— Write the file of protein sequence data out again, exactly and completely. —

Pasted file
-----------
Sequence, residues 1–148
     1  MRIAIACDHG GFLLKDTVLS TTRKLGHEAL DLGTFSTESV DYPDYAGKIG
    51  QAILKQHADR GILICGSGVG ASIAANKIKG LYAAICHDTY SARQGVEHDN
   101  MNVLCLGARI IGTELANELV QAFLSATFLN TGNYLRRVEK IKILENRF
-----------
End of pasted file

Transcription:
Sequence, residues 1–148
     1  MRIAIACDHG GFLLKDTVLS TTRKLGHEAL DLGTFSTESV DYPDYAGKIG
    51  QAILKQHADR GILICGSGVG ASIAANKIKG LYAAICHDTY SARQGVEHDN
   101  MNVLCLGARI IGTELANELV QAFLSATFLN TGNYLRRVEK IKILENRF